Tampa Settles While Jacksonville Remains Locked Out

On Sunday,
12/9/2007 the musicians of the Florida Orchestra (located in Tampa, FL)
ratified a three year contract after having been engaged in play-and-talk since
September. The three-year concessionary agreement averted what would have
become the second work stoppage by a professional orchestra in the state of

Although the
contract reduces the number of weeks from 34 to 30 and reduces the annual base
musician salary to $27,450, the musicians’ weekly base pay increases slightly.
Another change is a temporary reduction in the number of musicians employed by
the ensemble, which moves from 80 to 76. According to Harold Van Schaik,
orchestra committee chair and bass trombonist, four vacant violin positions
will go unfilled until the organization’s recovery plan can provide for those
positions to be filled. Harold went on to point out that five staff positions
are being eliminated but like the players’ situation, some positions are
currently vacant and won’t be filled.

key to this is the orchestra was essentially able to maintain artistic
integrity by not cutting back classics concerts,” said Van Schaik. “Our loss of
weeks will impact concert events which were funded by a variety of government
sources which have either dried up or will dry up by the end of this season.”

In Jacksonville,
the locked out Musicians of the Jacksonville Symphony Orchestra conducted
leafleting events at four First Coast Nutcracker performances. According to one
source in the musicians, several thousand leaflets were distributed, along with
candy canes, and the events were well received by patrons and the musician’s
numbers were enhanced by a number of community supporters as well as members
from the Machinists, Sheet Metal Workers, Steam and Pipefitters, Electricians

Calls to First
Coast Nutcracker Executive Coordinator, Deleah Martin, asking whether or not
the organization had attempted to hire the Musicians of the Jacksonville
Symphony Orchestra independently in order to ensure live music for their events
were not returned. However, thanks to a tip from Steve Hicken, author of the
blog Listen, a similar situation involving
the Jacksonville Symphony Orchestra (JSO) serving as a contracted ensemble to
provide music for holiday concerts can be brought to public attention.

Apparently, the
JSO was scheduled to provide music for two concert events presented under the
auspices of the
Emma Concert Association; however, due to the lockout, the
concert association was forced to locate musicians elsewhere. As it turns out,
the organization ended up contracting the Tallahassee Symphony Orchestra (TSO)
to provide music for both concert events but only after approaching the JSO
musicians to offer them work as an independent contractor.

According to a
spokesperson from the Tallahassee Symphony, their organization was not
contracted until after the Emma Concert Association concluded discussions with
the Jacksonville Symphony Association (JSA). This was confirmed by Emma Concert
Association President, Charlie Doolittle.

did contact the JSO musicians directly,” said Doolittle in a telephone
interview. “But they were not able to accept the work because the [JSA] had not
released them from the dates plus they had an additional conflict.”

Only after the
Emma Concert Association contracted the Tallahassee Symphony did the JSA
officially cancel all musician services through December 23rd. Numerous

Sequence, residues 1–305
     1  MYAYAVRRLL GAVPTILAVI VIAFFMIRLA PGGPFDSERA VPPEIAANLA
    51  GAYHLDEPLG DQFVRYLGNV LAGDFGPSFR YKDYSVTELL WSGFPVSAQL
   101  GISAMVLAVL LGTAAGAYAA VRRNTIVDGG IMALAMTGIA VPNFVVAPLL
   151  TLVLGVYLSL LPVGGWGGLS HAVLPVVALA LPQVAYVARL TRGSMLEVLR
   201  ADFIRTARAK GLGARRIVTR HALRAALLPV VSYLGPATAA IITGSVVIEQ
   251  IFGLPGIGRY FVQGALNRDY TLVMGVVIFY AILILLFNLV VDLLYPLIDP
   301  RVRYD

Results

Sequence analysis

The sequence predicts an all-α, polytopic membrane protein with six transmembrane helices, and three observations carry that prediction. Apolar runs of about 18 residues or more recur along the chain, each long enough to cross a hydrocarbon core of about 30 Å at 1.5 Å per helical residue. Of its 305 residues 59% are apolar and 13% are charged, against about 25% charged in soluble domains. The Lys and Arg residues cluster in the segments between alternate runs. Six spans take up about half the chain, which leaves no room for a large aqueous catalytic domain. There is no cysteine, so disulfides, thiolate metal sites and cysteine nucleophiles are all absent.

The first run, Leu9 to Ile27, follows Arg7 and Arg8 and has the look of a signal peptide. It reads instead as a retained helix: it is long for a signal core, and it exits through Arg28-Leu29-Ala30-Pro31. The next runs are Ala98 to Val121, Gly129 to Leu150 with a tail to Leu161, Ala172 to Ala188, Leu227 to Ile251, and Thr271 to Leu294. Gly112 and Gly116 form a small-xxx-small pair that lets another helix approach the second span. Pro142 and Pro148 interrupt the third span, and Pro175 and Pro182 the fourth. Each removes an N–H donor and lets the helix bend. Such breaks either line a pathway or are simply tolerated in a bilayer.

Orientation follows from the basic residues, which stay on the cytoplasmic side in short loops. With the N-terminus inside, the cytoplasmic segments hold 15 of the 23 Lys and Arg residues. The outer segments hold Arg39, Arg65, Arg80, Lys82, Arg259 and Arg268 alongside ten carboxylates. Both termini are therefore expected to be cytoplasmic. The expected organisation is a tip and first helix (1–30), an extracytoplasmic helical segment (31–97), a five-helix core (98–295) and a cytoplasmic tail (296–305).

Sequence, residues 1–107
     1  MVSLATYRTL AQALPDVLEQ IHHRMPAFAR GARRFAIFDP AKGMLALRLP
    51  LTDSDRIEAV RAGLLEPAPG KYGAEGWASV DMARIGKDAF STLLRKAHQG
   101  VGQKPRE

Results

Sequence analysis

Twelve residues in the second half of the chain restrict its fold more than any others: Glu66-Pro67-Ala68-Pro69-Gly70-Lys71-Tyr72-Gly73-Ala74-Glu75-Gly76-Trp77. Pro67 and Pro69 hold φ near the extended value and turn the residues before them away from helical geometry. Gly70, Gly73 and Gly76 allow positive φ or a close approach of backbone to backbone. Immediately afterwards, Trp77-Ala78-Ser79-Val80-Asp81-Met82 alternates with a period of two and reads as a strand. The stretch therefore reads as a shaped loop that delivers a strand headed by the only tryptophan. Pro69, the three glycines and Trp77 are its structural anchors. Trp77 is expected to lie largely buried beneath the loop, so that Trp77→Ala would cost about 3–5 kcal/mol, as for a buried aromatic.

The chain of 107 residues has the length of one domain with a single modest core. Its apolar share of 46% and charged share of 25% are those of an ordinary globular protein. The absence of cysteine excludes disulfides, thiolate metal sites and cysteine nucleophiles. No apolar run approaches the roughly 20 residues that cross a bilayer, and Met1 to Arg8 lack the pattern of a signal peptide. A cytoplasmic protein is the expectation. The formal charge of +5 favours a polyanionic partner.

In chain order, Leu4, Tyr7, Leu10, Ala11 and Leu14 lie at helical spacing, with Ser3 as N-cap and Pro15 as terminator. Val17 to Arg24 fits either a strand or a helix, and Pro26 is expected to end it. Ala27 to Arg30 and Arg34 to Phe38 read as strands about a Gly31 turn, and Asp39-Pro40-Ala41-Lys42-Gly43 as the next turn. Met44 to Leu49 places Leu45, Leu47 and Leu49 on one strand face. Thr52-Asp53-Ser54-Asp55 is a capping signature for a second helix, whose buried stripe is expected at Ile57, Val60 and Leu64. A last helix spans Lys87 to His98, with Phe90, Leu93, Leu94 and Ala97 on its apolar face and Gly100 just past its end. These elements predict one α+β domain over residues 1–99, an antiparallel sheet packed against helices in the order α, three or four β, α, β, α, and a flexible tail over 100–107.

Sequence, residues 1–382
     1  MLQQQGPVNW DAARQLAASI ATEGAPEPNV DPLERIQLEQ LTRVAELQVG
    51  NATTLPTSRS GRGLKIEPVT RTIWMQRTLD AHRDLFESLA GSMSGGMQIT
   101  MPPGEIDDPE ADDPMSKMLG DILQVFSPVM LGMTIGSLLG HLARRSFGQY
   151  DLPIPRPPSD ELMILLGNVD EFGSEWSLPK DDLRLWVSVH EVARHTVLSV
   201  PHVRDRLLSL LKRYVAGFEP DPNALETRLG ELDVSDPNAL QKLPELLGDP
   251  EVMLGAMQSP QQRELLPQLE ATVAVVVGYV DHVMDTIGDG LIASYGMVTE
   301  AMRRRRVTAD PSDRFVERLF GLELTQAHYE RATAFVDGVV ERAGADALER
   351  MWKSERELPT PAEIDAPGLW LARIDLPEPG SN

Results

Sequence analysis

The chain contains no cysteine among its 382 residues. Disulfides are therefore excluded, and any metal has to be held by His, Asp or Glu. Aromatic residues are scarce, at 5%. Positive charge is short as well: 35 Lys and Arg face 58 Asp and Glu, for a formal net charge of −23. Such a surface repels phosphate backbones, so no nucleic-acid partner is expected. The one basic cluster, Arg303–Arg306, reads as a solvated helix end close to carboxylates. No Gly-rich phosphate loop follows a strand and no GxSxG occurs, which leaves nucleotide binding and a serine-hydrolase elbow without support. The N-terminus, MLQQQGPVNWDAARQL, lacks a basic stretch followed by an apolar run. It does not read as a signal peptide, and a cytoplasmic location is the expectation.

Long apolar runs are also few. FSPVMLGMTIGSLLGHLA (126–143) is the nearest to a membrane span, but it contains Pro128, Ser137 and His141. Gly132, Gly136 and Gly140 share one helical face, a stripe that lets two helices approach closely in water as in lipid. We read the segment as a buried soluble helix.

messages to the JSA inquiring about these events were unreturned.

According to one
JSO musician, many of the JSO players have a good relationship with the EMMA
Concert Association board and since the organization attempted to contract the
musicians independently, there is no animosity between the Musicians of the
Jacksonville Symphony Orchestra and Tallahassee Symphony musicians. However,
according to sources close to Tallahassee Symphony players (which is not a
union orchestra), several regularly contracted TSO musicians are refusing to
accept the work out of respect for their JSO colleagues.

The following information is presented per
request of the Musicians of the Jacksonville Symphony Orchestra:
The Musicians of the Jacksonville
Symphony Orchestra wish to let readers know that in addition to personal/certified
checks, individuals may now donate to their Health And Welfare fund online with
credit cards via PayPal. All donations are tax deductible. For more information
or to make a donation please visit http://www.jsomusicians.org/donations.php

About Drew McManus

"I hear that every time you show up to work with an orchestra, people get fired." Those were the first words out of an executive's mouth after her board chair introduced us. That executive is now a dear colleague and friend but the day that consulting contract began with her orchestra, she was convinced I was a hatchet-man brought in by the board to clean house.

I understand where the trepidation comes from as a great deal of my consulting and technology provider work for arts organizations involves due diligence, separating fact from fiction, interpreting spin, as well as performance review and oversight. So yes, sometimes that work results in one or two individuals "aggressively embracing career change" but far more often than not, it reinforces and clarifies exactly what works and why.

In short, it doesn't matter if you know where all the bodies are buried if you can't keep your own clients out of the ground, and I'm fortunate enough to say that for more than 15 years, I've done exactly that for groups of all budget size from Qatar to Kathmandu.

For fun, I write a daily blog about the orchestra business, provide a platform for arts insiders to speak their mind, keep track of what people in this business get paid, help write a satirical cartoon about orchestra life, hack the arts, and love a good coffee drink.

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